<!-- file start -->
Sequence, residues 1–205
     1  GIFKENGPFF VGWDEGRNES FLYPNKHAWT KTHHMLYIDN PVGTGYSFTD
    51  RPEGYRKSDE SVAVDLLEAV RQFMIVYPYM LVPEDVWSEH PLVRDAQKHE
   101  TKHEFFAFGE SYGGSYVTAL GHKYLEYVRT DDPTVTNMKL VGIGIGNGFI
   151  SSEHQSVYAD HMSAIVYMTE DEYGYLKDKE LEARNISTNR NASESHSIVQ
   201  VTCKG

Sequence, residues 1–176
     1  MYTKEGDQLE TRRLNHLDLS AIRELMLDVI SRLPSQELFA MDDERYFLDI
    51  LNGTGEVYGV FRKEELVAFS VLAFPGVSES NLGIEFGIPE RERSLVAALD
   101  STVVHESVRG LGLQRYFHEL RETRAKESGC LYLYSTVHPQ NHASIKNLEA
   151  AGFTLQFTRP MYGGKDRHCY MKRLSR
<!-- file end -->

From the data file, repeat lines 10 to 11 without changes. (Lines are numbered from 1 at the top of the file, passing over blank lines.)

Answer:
   101  STVVHESVRG LGLQRYFHEL RETRAKESGC LYLYSTVHPQ NHASIKNLEA
   151  AGFTLQFTRP MYGGKDRHCY MKRLSR